There was a time when Ontario wine held no candle to my thoughts, filled no glass in my tasting regimen and occupied no place in my cellar. My how time and five years of enlightenment have changed me. Rarely does a day go by when that holy trinity of wine attention does not focus on something from Ontario.
My current obsession lies in the white wines from the 2012 vintage. The two previous years were so different, 2010 at first seemingly hot and bothered, then having emerged from its shell it has since clearly spoken in a language of elegance. The 2011 that followed gave wines of piercing acidity, verve and even austerity. Chardonnay, Riesling and Semillon all grabbed my acidulated attention.
First encounters with 2012 provided great skepticism. I continue the journey of ’12 discovery and the doors of perception are beginning to open. As a white wine vintage in Ontario, 2012 is shaping up to be a classic. Candour and acidity are there, but it is the rich, fullness of the wines that have taken the industry’s prowess to a whole new level. Riesling is brilliant. Pinot Gris the best ever. Though conditions may have not produced the coolest Chardonnay, winemakers who exercised restraint made beautiful wines. White blends that made use of highly aromatic varieties made their best wines to date. Reach out and touch Ontario’s 2012 whites.
The question is always being asked, what’s in a wine vintage? Not long ago I was emphatic to state there are no longer bad vintages in Ontario. The wisdom, experience and winemaking acumen has rendered that notion obsolete. There are challenging years for sure and this harshest of 2014 winters will certainly test the mettle of winemakers. Vintage variation is real and yes, there are no bad vintages, only different ones.
The new Kew Vineyards in Beamsville is on to something and 2011 was a terrific vintage to sidle up to their unique production of red wines. While appassimento remains an Ontario enigma, not quite like growing and producing a southern Italian grape like Aglianico, but the method is still a bit of a side-show. Kew reigns in the practice and matches it to the parameters of the Ontario vineyard and the climate. Kew the new red in Ontario.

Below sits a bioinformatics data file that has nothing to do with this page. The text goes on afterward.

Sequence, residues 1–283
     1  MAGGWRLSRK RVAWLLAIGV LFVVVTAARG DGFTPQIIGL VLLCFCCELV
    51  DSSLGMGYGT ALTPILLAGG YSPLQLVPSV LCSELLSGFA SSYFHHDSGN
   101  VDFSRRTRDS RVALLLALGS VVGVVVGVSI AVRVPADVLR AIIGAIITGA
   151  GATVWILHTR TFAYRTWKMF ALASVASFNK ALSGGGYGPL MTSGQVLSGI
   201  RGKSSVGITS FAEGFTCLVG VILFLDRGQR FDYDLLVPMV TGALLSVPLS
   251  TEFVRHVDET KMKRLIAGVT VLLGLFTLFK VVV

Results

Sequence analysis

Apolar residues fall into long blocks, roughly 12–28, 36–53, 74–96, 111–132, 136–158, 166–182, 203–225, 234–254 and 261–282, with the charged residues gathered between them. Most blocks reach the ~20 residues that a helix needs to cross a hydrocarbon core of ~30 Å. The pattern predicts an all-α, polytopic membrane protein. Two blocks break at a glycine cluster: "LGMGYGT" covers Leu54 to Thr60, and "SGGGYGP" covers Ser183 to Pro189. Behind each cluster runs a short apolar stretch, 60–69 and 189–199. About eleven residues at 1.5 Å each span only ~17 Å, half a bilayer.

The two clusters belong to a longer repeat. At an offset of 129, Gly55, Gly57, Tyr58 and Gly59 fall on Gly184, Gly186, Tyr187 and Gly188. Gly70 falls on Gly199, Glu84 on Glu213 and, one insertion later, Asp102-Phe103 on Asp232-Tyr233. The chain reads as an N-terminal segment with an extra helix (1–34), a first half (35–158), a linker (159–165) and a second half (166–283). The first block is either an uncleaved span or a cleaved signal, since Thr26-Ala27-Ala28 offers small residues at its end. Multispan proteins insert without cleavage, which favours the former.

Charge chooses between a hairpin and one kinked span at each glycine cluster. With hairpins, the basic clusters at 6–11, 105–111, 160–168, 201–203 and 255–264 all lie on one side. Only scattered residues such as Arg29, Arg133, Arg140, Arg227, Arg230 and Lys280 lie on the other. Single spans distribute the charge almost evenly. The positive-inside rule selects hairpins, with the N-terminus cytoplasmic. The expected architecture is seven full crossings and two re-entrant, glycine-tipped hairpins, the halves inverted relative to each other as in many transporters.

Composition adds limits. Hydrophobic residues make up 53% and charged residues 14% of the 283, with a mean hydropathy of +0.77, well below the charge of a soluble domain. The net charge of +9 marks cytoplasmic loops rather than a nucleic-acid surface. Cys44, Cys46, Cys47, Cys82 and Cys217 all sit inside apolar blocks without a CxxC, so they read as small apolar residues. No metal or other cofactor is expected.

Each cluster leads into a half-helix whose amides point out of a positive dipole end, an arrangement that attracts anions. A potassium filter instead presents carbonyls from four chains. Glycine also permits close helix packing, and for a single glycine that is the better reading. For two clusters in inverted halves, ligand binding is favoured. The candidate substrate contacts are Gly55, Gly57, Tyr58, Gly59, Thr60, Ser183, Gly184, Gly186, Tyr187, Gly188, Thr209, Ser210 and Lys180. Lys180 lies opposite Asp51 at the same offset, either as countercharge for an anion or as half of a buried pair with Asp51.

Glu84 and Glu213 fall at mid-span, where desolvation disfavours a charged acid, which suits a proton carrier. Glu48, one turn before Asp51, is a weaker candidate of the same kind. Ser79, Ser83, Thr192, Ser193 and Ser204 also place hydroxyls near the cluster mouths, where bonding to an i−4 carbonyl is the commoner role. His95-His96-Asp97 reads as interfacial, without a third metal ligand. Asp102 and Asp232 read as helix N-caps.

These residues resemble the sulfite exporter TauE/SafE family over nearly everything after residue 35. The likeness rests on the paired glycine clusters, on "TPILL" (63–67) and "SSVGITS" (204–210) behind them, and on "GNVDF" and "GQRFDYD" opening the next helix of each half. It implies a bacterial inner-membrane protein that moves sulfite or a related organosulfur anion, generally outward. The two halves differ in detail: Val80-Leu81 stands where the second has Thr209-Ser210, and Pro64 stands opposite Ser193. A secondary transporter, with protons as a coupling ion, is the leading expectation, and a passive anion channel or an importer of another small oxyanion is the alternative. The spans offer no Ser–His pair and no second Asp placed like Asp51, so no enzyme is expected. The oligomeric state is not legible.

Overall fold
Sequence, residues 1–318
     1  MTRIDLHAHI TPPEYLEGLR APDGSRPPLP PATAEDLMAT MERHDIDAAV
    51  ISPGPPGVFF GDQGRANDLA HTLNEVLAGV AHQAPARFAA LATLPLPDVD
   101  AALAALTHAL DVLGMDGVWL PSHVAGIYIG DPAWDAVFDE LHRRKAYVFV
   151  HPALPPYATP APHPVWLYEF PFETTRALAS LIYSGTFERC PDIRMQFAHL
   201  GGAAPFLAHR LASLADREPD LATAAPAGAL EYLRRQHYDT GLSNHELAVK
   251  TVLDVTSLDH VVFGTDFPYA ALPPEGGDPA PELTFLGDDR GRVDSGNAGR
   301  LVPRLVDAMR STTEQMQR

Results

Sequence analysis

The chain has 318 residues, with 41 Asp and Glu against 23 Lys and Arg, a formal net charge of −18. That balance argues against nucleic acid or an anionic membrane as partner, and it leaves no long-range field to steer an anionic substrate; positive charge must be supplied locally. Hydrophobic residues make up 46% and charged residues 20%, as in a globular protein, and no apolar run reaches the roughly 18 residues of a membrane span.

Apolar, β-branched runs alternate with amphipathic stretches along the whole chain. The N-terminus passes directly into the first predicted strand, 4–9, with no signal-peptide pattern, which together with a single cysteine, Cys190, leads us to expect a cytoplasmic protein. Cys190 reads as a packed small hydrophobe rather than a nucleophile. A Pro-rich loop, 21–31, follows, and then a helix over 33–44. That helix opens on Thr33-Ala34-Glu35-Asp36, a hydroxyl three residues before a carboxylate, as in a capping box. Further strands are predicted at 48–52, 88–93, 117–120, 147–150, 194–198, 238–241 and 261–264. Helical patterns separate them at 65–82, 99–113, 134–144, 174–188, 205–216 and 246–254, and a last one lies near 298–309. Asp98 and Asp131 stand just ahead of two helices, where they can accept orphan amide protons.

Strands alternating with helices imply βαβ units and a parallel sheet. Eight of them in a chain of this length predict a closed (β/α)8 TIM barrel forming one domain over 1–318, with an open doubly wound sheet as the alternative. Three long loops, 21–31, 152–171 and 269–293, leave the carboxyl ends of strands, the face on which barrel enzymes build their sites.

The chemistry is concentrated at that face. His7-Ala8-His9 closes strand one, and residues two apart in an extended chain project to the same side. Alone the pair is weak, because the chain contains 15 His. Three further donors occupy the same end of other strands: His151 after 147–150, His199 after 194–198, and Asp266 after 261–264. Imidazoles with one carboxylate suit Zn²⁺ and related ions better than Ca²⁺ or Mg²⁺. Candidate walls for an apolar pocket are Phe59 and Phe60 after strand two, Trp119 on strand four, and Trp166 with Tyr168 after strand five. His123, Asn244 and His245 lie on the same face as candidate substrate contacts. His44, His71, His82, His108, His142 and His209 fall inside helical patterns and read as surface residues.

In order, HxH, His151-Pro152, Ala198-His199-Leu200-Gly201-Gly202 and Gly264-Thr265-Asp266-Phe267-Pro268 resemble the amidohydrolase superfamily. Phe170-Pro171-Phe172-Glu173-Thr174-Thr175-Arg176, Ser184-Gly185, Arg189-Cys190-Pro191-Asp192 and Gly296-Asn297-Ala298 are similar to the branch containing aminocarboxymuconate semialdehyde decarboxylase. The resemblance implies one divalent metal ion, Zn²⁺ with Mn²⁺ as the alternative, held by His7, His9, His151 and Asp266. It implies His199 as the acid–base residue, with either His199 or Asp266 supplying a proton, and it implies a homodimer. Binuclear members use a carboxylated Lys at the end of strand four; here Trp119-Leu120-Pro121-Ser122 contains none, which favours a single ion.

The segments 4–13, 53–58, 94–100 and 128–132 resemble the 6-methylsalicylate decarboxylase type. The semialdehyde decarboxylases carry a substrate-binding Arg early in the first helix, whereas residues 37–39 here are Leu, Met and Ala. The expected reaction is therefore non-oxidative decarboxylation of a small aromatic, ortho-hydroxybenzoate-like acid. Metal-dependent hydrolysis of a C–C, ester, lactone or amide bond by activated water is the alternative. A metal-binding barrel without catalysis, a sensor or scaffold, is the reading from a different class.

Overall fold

Here are six new releases, a new Kew, a Prince Edward County classic Sparkling and four definitive whites from the 2012 vintage in Niagara.
Though the warmth of the 2012 vintage could have suffocated a blend such as this Twisted, to the contrary, this harmonious white unfolds as a cold play. Cool, crisp, wonderfully tart and full of citrus zest. Plenty of sunshine but no burn. Waxy and rich like excellent Moscato along with the creamy confection of mango and the tang of what pale, trenchant pineapple used to be, before it went golden. The blend of Riesling, Gewurztraminer and Chardonnay magnetizes the opposing forces of residual sugar and modest alcohol. “And you are not wrong to ask who does this belong to? It belongs to all of us.” Best Twisted to date. 89 @brightlighter1 Tasted January 2014
Frothing at the glass, full on soda aromatic entry, verging to off-dry white peach and yellow plum flavours. Full of tang and zest, enriching flavours that render the soda irrelevant. All in, vigorous ’12, most ever perhaps. From my earlier note: “s’got quite the tropical warmth for Bench Riesling. When considered in terms of the vintage, this is nearly a Riesling in the service of a Pinot Gris. Very juicy fruit, dry but bursting in fricative verve. Extreme quality, low-cost. Now on tap at Barque Smokehouse. 89 Tasted August 2013 and January 2014 @Tawse_Winery @Paul_Pender